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Food Safety Training

Good Personal Hygiene


• Wash hands frequently, especially after eating, drinking,
smoking, touching your face, nose, ears, hair, handling
waste, using the restroom, coughing or sneezing, etc.

• Use hot water, liquid soap, and disposable paper towels.

• Wash hands after handling raw foods (uncooked meat,


poultry, eggs, produce, etc.) before handling cooked foods.

• Wear gloves if required.

• Wear aprons if required.


Good Personal Hygiene (Cont.)
• Do not handle food if you are ill, or have unprotected
infected wounds or cuts. Infected wounds or cuts on
the hands need to be covered with a bandage and
glove before handling food.

• Wear hair restraints if required.

• Maintain personal cleanliness.

• Wear clean work clothes.

• Remove jewelry before handling food.

• Eat, drink, and smoke only in designated areas away


from food.

• Keep your work areas clean, including all equipment


Prevent Contamination to Food
Types of common contaminants include:

• Physical: Wood, metal, glass, paint chips, hair,


etc. Bones in fish are also physical contaminants.

• Chemical: Cleaning chemicals, maintenance


chemicals, pest control chemicals, etc.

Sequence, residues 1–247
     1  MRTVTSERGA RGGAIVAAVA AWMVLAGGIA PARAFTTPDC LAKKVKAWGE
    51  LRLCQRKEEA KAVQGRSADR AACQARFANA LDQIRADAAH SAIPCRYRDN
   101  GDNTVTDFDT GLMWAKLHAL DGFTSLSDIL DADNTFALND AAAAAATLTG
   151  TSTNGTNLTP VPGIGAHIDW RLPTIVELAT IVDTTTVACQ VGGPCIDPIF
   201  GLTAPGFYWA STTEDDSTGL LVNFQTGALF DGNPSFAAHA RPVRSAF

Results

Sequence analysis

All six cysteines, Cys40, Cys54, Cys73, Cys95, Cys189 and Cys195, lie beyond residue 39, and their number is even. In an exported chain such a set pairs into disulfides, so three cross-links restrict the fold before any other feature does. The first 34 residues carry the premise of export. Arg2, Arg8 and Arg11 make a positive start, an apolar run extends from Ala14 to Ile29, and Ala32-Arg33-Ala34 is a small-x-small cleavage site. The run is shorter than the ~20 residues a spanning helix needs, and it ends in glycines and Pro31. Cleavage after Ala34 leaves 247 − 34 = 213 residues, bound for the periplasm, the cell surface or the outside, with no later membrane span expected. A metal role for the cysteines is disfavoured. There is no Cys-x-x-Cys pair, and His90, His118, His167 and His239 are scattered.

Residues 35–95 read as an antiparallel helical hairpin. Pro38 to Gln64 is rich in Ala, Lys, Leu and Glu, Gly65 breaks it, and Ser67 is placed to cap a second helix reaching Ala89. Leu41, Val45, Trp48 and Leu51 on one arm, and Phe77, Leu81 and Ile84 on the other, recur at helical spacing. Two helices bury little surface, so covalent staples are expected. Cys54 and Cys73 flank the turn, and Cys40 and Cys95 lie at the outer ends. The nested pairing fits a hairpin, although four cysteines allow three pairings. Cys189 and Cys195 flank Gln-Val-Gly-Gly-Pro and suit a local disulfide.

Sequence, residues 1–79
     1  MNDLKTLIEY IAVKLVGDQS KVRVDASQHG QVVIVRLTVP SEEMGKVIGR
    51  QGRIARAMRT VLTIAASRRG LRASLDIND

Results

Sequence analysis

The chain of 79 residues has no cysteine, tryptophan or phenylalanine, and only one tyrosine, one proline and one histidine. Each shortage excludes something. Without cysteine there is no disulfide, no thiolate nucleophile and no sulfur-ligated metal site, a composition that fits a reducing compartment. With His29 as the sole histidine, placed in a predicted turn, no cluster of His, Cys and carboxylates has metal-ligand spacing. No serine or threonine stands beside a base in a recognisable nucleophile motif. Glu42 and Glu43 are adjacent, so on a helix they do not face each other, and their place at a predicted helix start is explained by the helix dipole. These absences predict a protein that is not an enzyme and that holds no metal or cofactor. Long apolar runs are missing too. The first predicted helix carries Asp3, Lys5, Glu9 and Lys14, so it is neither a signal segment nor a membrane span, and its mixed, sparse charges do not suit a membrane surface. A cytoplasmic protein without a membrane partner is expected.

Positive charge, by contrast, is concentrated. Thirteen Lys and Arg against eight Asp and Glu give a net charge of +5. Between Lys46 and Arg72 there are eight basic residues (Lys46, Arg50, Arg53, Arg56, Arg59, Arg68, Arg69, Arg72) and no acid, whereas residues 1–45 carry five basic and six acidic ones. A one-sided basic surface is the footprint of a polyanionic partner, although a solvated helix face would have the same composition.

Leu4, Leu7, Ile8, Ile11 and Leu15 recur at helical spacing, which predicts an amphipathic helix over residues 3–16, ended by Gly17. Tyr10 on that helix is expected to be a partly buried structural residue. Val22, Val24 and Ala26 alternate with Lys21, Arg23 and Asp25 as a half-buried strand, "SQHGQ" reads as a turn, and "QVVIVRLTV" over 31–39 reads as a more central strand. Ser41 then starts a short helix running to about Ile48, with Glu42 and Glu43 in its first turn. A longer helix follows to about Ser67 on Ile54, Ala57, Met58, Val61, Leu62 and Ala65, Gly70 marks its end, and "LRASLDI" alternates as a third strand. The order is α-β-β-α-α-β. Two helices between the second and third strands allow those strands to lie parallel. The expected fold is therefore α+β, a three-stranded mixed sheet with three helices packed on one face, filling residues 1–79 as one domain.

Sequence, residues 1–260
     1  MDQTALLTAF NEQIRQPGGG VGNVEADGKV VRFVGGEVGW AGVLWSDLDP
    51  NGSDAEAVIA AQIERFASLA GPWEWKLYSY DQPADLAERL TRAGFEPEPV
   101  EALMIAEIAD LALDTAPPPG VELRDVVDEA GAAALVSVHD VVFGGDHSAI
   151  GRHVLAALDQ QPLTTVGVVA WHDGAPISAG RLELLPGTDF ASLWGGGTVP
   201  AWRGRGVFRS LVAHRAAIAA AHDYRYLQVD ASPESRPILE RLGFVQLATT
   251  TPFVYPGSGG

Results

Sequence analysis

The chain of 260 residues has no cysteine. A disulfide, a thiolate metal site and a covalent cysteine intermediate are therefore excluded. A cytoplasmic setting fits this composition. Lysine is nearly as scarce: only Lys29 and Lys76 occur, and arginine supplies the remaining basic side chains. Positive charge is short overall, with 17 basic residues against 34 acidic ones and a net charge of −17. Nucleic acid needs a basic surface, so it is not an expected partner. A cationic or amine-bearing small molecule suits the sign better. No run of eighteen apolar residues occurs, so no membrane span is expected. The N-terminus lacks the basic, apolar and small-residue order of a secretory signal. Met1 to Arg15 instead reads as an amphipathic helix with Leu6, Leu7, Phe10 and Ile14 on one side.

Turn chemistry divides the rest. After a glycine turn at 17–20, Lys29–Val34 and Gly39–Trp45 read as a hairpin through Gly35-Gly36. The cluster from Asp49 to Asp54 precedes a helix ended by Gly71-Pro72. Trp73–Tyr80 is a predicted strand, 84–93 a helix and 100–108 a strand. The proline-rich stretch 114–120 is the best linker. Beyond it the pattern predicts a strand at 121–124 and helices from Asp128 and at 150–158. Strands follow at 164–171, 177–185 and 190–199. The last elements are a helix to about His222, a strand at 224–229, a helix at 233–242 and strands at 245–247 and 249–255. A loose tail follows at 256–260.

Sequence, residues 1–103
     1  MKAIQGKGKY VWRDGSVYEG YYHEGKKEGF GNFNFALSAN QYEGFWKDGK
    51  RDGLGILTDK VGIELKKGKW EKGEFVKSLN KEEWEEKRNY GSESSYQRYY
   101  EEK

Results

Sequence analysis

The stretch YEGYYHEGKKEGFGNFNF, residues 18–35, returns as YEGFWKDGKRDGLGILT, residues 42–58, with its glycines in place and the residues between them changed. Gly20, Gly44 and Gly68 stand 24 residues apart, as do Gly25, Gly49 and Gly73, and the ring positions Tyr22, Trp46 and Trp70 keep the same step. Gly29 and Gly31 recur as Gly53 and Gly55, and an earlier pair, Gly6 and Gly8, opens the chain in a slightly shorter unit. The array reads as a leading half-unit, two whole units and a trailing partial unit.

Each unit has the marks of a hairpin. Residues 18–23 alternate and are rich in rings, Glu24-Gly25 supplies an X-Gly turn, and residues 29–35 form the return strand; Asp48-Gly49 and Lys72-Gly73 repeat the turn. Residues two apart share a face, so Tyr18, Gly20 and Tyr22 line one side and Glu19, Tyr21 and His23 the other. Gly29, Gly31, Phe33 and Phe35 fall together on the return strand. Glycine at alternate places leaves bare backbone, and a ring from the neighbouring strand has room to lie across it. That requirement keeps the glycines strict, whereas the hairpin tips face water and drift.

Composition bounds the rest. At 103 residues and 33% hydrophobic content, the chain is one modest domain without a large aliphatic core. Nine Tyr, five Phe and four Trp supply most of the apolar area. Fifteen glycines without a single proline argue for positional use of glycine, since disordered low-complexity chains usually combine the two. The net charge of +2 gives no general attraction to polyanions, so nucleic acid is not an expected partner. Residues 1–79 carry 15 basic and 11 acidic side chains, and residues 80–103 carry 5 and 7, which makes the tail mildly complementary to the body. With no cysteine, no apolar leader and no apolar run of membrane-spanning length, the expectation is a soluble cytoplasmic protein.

• Biological: Bacteria, viruses, fungi, and


parasites.

All contaminants have the potential to cause


illness or injury.
Temperature Control
• Verify the temperature of your storage area with the correct
thermometer.

• Store and transport refrigerated foods at 41°F, or less.

• Store and transport frozen foods at 0°F, or less.

• Thaw frozen foods at 41°F in a cooler, using a microwave oven,


under running cold water, or while cooking. Never thaw at room
temperature.

• Store whole produce at 50°F, and cut produce at 41°F, or less.

• Document temperature readings for your refrigerators and


freezers twice daily.
Pest Control: Insects/Rodents
Deny pests entry to the facility:

• Seal doors, windows, and vents.

• Seal pipe holes through walls.

• Seal cracks in floors and walls.

• Examine all incoming food, supplies, and/or other materials to


avoid pests.
Pest Control: Storage and
Disposal
Deny pests food, water, and hiding or nesting places:

• Store food and supplies properly.

• Store items at least 6 inches off floor.

• Store items at least 4 inches away from wall.

• Dispose of food and supplies properly.

• Dispose of garbage quickly and cover indoor containers.

• Dispose of recyclables properly.


Pest Control: Cleanliness
Deny pests food, water, and hiding or nesting places:

• Clean up food spills immediately.

• Eliminate standing water.

• Store mops and brooms off the floor. Keep


service/mop sinks and buckets clear of used
mop water.

• Maintain clean personal storage areas


(i.e. lockers).

• Cover outdoor garbage containers.


Pest Control: PCO
Work with a licensed Pest Control Operator (PCO) to eliminate
pests that enter your facility:

• Make sure your PCO is licensed, certified the state, and insured.

• Do not store pesticides at your facility.

• Call in PCO when problems develop.


Receiving, Storing, & Delivering Food
Receipt

• Use reputable suppliers.

• Inspect deliveries for: Temperature, quality, pests, etc.

• Reject deliveries that have problems.

• Make sure food containers are not damaged.